By Siavash Minoukadeh, Entertainment Sub-Editor
Following the critical acclaim of their previous film, Theo and Hugo (2016), French filmmaking couple Olivier Ducastel and Jacques Martineau have returned with the highly theatrical Haut perchés, 'Don’t Look Down' (2019).
Set in one open-plan Paris apartment over the course of one evening, we see five strangers - Veronika (Manika Auxire), Marius (Geoffrey Couët), Nathan (Simon Frenay), Louis (François Nambot) and Lawrence (Lawrence Valin) - meet up for dinner, conversation and to settle some scores.
What they all have in common is that they have loved the same man, with disastrous consequences for all of them. Having found each other, they planned the events which play out onscreen. With the mystery man in a room next door, the lovers take turns to have it out with him whilst the rest discuss their experiences.
Their conversations are kept frank and naturalistic and, with typical French candour, nothing is left off the table. Sexual fantasies of public strangulation are discussed in a refreshingly calm tone. By being this open, a ghostly picture of the unseen man - said to be unspeakably narcissistic and perverse - is formed and looms over the figures.
The premise may sound more like a play and indeed, Don’t Look Down is really more of a filmed stage play, but that is not to say that it isn’t an entertaining watch. Far from it, the beauty of this format is that with so many restrictions - a small cast of just five, a fixed location, a heavily dialogue-based plot - there is not much room to hide any weaknesses.
There still are a lot of interesting questions raised about the nature of love, desire and humiliation in Don’t Look Down
Thankfully, there are not too many of those. The cast do a solid job of revealing their characters gradually, each starting out as a mystery to us - and to the others - and coming into focus as they tell us more about their experiences with the mystery man. Where they falter is in the moments where they are interacting with each other rather than talking about themselves.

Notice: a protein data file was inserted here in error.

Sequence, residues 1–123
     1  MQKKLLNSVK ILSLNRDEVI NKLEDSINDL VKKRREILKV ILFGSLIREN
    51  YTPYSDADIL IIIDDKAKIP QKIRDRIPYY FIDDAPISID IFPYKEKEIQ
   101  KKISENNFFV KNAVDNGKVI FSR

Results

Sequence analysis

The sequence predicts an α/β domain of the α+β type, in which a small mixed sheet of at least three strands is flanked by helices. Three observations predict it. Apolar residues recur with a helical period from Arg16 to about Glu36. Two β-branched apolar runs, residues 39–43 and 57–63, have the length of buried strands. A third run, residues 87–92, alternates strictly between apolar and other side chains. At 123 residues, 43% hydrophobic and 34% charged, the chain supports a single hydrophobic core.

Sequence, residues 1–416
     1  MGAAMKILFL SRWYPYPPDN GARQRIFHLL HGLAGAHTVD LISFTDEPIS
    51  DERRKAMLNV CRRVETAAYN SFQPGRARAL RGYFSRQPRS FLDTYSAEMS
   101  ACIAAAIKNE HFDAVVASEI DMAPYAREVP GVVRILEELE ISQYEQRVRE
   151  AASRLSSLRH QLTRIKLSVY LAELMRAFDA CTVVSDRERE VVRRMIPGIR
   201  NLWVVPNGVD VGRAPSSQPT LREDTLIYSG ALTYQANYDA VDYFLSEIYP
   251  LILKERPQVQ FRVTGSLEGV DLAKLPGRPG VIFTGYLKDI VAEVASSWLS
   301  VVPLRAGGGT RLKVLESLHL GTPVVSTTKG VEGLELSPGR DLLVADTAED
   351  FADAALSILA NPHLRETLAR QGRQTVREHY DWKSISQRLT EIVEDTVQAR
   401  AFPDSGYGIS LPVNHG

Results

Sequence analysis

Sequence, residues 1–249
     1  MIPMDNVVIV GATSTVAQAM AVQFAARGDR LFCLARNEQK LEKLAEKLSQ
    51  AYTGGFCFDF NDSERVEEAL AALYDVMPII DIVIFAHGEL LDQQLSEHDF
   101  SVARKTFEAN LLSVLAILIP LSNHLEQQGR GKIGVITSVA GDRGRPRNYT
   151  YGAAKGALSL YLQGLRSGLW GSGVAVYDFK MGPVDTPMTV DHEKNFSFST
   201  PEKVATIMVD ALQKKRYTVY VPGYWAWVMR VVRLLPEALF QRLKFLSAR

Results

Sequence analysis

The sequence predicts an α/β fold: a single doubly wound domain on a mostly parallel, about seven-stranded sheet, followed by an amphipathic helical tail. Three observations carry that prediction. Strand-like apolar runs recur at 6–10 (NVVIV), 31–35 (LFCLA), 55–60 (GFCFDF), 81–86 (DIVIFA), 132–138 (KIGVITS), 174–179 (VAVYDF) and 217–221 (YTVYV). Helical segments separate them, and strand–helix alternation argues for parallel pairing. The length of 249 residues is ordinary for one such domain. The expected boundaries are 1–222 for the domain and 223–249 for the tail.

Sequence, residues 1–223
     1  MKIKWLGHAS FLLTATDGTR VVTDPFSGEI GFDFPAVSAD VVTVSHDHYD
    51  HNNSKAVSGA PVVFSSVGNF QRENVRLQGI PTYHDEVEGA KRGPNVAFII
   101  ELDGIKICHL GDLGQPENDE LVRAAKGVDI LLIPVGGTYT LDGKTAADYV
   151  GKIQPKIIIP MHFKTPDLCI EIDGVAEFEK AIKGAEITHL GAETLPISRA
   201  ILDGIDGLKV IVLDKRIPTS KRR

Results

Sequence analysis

In fact, the biggest flaw in the film is in its writing. The characterisation is superb: each character is fully-formed with their individual experiences, fantasies and opinions. However, when in conversation with each other, the dialogue has a tendency to drift into the mundane or the overly-philosophical at times.
Don’t Look Down is really more of a filmed stage play, but that is not to say that it isn’t an entertaining watch
One wonders, given how theatrical the whole film is anyway, whether the directors would have benefitted from going all the way and cutting out the conversations altogether and just having five monologues. Regardless, there still are a lot of interesting questions raised about the nature of love, desire and humiliation in Don’t Look Down.
Another benefit of choosing to keep all the action in one location is that it can be decorated with a lot more care and attention. The apartment is modern and sparse to begin with but the gorgeous neon lighting palette elevates the aesthetic of the whole film to something sublime.
A particularly moving shot is the final one: stood in a line facing the sunrise, the camera captures the character’s reflections in the window, lit up against the orange haze of the Paris skyline. The whole aesthetic of the film is rich and sensual, as befits such a sexually-charged plot.
This makes everything a smooth - if not always enjoyable because of the content being discussed - watch and this is critical. Don’t Look Down is not a perfectly observed picture of the cruelty of desire but it does do something meaningful which is provide a source of catharsis for our own pent-up romantic trauma.
Featured: BFI London Film Festival
Is Don't Look Down's static set innovative or interesting, or just plain boring?